The months leading up to the announcement of our new company was chock full of lessons learned. We launched Coinme on May 1st at Spitfire in Belltown during a well attended launch party, complete with our first Meetup and an entertaining expert bitcoin panel.
It was the culmination of many long days, phone calls, emails, re-designs, re-brandings, and all sorts of other seemingly frustrating things. Below I have detailed three of which helped me realize a few things – namely the biggest risk of all is not taking a risk.
Setting a deadline is essential
Setting yourself a deadline – be it a launch party, a internal team milepost or some other marker – is the single best thing you can do to push yourself and your team to execute and actually complete what you set out to complete. We set May 1st as our launch party, and determined the machine needed to be there, dressed in its new costume and ready to take live transactions in front of more than an hundred people.
We also – very importantly – needed to get passed through the State of Washington as an officially licensed money transmitter business before this date. You have no idea what was required for all these pieces to come together, and before we began this process I didn’t either. But given we had committed to launch this company, we held ourselves to the deadline and pulled through right at the end.
I have painfully seen it time and time again with other startups in Seattle… they never release their feature or finally launch their company. Crazily, they just keep working on things. In the end, they simply don’t set themselves a deadline to stick to so they just remain in startup purgatory. This is not the right place to be as a startup – trust me.
Being early is both good and bad
One big thing I have learned is it’s very early in the bitcoin world, probably too early for most consumers. Most people still have no idea what it is, why they should purchase it, and why they should use it for payments. Although the answer to those questions will be left for future posts, suffice it to say the entire world is still trying to figure it out. Coinme, as a company, believes in the transformative nature of the technology and feel it can influence not only financial transactions but many more industries. And again, it’s way too early to tell.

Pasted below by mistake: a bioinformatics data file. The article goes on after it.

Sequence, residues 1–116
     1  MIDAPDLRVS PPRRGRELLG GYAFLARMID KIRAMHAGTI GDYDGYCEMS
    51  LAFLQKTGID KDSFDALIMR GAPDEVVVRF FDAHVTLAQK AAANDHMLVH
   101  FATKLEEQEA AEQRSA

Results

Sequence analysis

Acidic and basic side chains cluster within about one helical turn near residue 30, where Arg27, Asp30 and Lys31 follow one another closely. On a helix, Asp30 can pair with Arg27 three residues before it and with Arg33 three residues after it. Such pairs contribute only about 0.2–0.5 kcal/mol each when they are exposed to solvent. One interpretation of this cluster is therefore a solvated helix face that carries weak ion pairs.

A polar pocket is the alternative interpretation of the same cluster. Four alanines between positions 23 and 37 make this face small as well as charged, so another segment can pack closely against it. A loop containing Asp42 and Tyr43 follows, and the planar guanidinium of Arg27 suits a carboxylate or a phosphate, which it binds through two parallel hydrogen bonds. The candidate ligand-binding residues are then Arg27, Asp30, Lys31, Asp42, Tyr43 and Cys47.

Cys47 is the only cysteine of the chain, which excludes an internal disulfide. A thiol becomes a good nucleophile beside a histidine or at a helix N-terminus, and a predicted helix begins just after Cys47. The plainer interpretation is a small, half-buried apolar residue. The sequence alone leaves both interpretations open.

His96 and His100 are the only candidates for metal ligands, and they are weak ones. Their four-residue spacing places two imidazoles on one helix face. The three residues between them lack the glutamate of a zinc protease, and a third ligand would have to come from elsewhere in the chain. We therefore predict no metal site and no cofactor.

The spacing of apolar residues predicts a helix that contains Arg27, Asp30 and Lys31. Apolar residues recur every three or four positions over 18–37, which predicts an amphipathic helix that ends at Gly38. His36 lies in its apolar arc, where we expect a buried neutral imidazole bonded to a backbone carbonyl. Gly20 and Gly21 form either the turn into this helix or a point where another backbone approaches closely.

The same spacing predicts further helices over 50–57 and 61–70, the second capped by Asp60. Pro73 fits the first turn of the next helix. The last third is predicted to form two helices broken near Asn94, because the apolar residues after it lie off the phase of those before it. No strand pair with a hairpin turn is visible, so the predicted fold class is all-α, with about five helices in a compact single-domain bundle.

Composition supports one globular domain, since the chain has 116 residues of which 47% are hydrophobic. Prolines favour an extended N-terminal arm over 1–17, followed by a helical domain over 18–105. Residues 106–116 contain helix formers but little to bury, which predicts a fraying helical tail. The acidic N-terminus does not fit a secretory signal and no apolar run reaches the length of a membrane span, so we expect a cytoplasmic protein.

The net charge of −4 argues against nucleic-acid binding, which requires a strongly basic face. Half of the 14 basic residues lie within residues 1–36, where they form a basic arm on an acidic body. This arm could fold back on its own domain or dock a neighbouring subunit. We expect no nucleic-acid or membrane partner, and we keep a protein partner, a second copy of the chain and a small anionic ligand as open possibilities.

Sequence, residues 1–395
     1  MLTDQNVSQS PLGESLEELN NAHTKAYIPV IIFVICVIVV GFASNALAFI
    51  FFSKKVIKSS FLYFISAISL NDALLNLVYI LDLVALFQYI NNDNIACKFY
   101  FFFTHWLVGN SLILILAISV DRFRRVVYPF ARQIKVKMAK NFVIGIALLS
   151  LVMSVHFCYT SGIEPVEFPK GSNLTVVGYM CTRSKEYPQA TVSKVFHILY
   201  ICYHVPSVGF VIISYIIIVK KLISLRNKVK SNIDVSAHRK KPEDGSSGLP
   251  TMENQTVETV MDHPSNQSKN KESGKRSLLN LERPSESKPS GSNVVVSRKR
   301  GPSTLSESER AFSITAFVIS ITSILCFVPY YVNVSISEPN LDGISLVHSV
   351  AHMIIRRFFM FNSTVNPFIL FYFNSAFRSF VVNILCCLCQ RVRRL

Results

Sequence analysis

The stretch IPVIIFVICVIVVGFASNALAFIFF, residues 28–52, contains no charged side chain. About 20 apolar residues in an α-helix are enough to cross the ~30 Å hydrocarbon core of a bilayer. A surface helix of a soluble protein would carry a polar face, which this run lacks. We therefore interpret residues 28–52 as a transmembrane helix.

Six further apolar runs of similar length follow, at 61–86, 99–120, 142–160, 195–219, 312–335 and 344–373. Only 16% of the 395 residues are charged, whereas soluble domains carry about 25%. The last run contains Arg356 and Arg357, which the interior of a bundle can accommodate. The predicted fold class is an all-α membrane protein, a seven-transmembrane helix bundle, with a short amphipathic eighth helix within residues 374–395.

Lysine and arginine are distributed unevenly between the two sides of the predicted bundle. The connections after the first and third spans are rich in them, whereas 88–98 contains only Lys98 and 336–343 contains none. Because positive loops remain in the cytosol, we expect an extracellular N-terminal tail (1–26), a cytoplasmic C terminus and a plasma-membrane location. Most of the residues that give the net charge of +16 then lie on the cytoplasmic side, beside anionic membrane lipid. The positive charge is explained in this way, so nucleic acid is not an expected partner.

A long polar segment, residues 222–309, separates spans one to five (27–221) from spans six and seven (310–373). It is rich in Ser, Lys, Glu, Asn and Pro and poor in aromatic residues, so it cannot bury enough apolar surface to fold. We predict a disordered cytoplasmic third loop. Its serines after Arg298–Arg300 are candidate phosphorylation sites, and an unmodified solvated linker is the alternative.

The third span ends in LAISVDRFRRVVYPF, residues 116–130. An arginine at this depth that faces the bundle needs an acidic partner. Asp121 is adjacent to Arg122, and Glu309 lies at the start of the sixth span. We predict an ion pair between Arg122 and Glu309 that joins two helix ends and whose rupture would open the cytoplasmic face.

But we feel our opportunity to influence such an early industry was/is too great to pass up. We see areas where we can help educate and inform people about the positives, negatives and in-betweens of this new cryptocurreny world. We’d rather be early to the party than too late.
Being early to the market can be good for a startup, but it also can be not so good. If you are too early to the market you risk spending all of your available capital without generating enough revenues (assuming at some point you need to run on revenues, not invested capital) which will ultimately end the business. Successful businesses are able to time the market in a way where they achieve both early mover advantage and customer adoption. One without the other spells doom for any high growth company.
Calculated risk is worth it
I touched on this last post but I feel so strongly about it I think its worth addressing again. Taking a calculated risk – hopefully a number of them – is one of the best things entrepreneurs can do to accel their careers. Doing what no one else is willing or ready to do places a person in a very select group of people, a group where things are created, companies are sold and millionaires are made. Even if the venture ultimately fails, the business (or tech) community will consider the founder a leader, an innovator and a healthy risk taker.
And you know what?
That’s exactly the person investors want to invest in. That’s who others want to follow when they take their next job and join their next company. That’s who the media wants to cover when they write about the next generation of business leaders.
No imagine if you don’t take that risk…
Trust me, what I learned over the last few months is that the biggest risk of all is not taking a risk.